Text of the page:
Tubercular Perforation of the Small Bowel: Should All Patients Have an End Ileostomy?

Muhammad Imran Aslam, Muhammad Osman Karim, Syed Hussain Abbas, Omer Abdalla, Husnain Shakir


Background: Spontaneous ileal perforation is a common surgical emergency in developing countries due to high incidence of tuberculosis in these countries. Patients diagnosed to have intestinal perforation are universally treated surgically. The aim of this study was to compare the outcome and complication of two procedures usually performed for intestinal perforation i.e., primary repair and ileostomy.

Methods: The study is based on interventional quasi-experimental design with non-probability purposive sampling and was conducted for 6 months between April and October 2010 at a teaching hospital. Sixty patients with intestinal tubercular perforation participated in this study and were divided into two groups. Group A consisted of 30 patients who underwent primary repair and group B consisted of 30 patients who underwent ileostomy. Using Chi-square test, two groups were compared with respect to four outcome variables including duration of hospital stay, complications (peritonitis, wound infection, fever, and obstruction fistula formation) during hospital stay, and complications observed in second week and fourth week follow-ups.

Results: The mean age of presentation was 39.13 ± 18.917 years (range 13 - 75). Sixty percent of patients were male and 40% were female. Size of perforation dictated operative decision; in group A, 100% of patients had a perforation less than 1 cm and in group B, 100% of patients had a perforation greater than 1 cm (P >= 0.05). In both groups, 73.4% of patients had an admission of less than 7 days and 26.6% of patients stayed beyond this period (P >= 0.05). The complication rate in group A during admission was 40%, compared to 30% in group B (P >= 0.05). In the second postoperative week, complication rate was 16.6% in group A and 6.6% in group B (P >= 0.05). Similarly in the fourth postoperative week, the complication rate was 13.4% in group A and 6.6% in group B (P >= 0.05).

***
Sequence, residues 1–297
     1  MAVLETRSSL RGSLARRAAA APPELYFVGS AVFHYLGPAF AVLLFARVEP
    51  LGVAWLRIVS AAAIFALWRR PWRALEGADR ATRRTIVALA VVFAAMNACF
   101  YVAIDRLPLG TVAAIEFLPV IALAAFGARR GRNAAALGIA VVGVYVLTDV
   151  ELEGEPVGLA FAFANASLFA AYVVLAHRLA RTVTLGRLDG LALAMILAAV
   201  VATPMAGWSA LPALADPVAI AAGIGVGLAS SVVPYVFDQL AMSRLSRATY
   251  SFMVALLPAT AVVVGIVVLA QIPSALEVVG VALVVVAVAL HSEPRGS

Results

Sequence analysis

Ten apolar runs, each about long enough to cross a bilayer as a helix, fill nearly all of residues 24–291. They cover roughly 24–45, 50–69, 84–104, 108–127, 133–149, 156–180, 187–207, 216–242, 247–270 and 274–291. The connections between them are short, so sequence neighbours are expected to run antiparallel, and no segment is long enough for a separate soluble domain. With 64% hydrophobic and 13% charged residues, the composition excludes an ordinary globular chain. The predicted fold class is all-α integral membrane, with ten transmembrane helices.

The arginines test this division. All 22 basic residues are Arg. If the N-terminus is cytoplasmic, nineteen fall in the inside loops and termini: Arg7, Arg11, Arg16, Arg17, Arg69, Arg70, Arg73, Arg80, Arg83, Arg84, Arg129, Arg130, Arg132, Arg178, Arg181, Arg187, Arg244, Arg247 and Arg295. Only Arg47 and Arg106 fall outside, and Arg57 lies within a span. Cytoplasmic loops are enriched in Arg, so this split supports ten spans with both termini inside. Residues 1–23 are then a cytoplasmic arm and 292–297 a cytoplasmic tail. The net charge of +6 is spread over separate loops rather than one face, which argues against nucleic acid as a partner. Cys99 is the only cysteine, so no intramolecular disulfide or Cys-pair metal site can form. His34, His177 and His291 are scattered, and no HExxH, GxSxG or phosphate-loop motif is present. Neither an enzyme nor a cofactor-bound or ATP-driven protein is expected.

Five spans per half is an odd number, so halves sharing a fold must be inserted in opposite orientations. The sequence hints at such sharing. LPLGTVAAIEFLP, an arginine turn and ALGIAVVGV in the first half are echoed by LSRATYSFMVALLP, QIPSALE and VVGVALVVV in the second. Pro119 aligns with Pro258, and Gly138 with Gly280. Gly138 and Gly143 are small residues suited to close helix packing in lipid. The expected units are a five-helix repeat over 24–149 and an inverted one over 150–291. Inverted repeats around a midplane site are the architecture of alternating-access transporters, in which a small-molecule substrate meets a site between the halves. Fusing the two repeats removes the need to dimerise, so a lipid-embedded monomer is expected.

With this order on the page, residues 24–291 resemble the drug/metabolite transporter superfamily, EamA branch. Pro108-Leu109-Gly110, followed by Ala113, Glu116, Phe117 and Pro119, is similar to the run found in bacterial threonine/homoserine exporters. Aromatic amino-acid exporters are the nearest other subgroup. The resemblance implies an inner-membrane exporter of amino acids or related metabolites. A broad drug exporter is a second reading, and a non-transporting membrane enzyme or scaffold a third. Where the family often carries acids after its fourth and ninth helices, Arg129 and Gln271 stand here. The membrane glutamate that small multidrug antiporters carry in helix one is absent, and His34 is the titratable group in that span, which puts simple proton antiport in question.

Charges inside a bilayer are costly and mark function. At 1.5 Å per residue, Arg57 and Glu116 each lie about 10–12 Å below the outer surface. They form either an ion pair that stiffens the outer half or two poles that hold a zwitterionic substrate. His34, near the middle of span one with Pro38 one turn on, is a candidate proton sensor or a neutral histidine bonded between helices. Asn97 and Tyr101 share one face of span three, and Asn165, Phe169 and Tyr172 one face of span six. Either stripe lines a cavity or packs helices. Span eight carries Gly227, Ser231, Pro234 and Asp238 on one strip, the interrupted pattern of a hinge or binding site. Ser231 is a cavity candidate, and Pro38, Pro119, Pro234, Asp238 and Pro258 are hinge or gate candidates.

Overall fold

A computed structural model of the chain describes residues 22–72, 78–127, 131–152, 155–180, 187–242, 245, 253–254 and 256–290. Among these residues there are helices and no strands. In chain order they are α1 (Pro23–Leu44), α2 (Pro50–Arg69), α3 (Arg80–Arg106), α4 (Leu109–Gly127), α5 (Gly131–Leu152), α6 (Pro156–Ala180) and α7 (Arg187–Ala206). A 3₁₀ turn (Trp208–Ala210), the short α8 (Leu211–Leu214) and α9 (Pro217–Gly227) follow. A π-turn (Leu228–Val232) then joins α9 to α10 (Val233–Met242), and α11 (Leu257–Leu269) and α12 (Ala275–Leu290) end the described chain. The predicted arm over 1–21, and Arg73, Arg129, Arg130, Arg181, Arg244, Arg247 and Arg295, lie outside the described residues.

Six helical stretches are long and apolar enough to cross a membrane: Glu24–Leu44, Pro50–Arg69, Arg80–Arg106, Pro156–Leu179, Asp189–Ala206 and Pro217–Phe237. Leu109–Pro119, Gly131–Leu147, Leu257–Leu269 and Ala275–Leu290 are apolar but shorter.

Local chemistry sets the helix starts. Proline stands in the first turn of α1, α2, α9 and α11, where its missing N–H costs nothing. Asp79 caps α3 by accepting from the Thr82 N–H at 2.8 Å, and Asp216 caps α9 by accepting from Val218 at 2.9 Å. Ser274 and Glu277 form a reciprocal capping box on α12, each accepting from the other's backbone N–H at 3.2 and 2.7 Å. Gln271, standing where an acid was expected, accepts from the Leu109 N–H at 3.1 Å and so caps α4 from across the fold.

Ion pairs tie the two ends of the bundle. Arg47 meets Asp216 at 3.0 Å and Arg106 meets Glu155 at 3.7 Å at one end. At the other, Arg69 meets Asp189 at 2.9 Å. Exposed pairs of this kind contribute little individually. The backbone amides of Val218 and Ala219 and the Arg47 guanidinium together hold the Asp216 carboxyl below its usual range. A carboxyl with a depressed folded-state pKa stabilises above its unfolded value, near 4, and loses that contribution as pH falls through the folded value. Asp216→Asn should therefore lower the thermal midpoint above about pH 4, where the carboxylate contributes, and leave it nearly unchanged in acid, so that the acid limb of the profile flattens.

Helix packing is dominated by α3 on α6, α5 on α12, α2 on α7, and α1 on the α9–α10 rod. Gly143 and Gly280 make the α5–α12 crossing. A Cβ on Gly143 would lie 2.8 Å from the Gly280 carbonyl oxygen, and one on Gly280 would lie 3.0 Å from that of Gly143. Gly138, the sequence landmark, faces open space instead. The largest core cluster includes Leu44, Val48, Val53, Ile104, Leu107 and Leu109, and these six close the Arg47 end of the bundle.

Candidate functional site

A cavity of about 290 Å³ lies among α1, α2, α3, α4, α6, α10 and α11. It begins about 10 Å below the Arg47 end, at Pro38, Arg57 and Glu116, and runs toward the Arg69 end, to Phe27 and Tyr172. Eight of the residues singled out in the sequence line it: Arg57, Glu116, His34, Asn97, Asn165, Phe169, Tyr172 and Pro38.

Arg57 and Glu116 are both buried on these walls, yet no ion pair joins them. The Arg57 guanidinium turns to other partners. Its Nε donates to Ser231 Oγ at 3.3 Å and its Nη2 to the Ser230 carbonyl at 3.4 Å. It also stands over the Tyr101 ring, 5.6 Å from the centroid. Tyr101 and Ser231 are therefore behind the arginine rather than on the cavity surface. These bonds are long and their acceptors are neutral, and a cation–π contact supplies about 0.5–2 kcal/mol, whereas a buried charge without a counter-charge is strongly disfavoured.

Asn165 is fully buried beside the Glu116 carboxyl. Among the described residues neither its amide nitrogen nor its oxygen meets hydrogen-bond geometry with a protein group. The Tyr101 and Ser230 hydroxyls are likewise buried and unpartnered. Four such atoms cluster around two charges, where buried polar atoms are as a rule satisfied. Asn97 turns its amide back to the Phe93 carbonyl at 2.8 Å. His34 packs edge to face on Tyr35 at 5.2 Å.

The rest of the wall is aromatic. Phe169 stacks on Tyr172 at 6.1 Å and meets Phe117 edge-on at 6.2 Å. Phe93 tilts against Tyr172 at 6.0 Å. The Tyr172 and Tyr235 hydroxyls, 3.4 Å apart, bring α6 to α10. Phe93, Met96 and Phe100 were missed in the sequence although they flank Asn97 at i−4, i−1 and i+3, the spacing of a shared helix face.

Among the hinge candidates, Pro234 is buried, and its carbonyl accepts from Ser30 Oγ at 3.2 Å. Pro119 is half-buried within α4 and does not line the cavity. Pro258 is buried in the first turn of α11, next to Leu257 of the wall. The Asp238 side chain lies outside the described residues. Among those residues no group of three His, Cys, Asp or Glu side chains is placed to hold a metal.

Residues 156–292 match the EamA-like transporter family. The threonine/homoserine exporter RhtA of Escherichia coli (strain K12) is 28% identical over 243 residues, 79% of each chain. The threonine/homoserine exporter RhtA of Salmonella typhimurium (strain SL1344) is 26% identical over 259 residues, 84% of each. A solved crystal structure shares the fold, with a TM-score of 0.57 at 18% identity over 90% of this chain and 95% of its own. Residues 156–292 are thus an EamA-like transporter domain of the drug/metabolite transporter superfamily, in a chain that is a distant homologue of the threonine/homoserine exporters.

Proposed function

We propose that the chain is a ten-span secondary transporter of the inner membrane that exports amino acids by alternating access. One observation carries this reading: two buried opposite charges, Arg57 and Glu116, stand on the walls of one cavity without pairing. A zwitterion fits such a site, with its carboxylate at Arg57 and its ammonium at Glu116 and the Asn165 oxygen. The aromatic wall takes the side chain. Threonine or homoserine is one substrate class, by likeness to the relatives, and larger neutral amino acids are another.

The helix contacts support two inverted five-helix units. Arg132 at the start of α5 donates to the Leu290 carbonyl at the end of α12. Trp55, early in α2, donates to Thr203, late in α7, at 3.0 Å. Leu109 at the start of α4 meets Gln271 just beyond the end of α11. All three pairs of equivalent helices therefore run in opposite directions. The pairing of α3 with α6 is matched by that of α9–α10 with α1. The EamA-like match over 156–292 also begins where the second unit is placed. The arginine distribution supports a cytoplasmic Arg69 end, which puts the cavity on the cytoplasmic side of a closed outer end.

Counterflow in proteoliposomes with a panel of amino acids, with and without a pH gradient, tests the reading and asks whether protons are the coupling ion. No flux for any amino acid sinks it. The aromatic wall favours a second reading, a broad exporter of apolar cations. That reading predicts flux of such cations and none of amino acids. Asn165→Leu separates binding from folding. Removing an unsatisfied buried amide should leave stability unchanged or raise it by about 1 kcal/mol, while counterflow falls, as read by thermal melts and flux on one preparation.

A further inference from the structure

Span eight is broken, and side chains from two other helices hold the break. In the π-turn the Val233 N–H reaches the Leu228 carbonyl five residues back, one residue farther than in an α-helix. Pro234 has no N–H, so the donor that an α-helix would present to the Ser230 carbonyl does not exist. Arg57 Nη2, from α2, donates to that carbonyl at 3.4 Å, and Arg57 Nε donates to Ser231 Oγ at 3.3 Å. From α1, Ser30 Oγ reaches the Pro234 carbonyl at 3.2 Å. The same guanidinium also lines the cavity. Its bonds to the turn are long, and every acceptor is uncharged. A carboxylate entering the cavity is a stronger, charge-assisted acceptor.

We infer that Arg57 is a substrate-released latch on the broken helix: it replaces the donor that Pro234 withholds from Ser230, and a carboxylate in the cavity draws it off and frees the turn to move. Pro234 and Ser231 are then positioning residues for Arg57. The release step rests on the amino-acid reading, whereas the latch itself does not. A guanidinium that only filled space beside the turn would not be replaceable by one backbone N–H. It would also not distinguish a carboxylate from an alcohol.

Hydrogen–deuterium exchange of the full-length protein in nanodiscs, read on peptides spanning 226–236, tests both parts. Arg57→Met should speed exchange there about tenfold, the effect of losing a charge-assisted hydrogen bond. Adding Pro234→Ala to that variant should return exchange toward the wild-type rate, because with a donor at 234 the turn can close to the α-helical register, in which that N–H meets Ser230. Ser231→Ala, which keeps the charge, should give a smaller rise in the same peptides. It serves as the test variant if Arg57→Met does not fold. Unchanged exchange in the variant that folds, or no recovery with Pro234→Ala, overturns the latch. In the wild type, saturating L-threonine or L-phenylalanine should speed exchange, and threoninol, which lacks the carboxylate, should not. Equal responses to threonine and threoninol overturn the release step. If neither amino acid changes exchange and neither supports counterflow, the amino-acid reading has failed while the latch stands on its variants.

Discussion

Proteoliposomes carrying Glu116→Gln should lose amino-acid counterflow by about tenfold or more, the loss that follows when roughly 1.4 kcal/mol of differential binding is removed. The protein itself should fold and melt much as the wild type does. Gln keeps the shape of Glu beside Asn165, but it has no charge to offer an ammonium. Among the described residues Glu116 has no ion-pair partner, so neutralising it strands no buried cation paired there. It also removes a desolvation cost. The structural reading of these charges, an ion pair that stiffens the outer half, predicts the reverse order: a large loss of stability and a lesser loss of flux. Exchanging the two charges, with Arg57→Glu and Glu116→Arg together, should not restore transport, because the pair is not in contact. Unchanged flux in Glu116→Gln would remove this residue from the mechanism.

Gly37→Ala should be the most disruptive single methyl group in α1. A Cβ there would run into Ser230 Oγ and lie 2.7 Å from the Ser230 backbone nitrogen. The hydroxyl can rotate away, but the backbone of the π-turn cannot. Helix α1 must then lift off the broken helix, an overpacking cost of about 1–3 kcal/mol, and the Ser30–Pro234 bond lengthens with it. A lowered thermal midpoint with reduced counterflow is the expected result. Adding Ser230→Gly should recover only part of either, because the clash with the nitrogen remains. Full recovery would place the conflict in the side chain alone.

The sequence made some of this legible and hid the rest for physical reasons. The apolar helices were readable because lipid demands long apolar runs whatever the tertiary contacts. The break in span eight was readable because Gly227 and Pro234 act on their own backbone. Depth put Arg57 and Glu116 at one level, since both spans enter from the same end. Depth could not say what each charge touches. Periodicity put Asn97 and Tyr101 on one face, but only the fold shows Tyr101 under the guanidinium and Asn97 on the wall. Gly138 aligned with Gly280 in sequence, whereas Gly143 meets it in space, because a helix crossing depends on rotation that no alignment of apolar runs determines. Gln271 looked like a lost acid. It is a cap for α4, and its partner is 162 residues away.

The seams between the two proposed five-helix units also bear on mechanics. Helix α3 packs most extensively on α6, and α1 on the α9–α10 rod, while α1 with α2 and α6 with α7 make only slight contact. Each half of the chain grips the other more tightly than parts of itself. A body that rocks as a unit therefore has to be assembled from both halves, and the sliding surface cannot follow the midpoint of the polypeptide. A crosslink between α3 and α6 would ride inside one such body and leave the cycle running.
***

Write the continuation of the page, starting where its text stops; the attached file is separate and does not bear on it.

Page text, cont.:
Conclusion: End ileostomy had fewer complications compared to primary closure in management of tubercular small bowel perforation. The choice of surgery was dependent on intra-operative judgement following assessment of the size of perforation and surrounding intra-abdominal contamination. Primary repair may still be a feasible option for perforations less than 1 cm without gross contamination given similar outcomes.

J Curr Surg. 2017;7(1-2):11-14



Intestinal tuberculosis; Ileostomy; Primary repair

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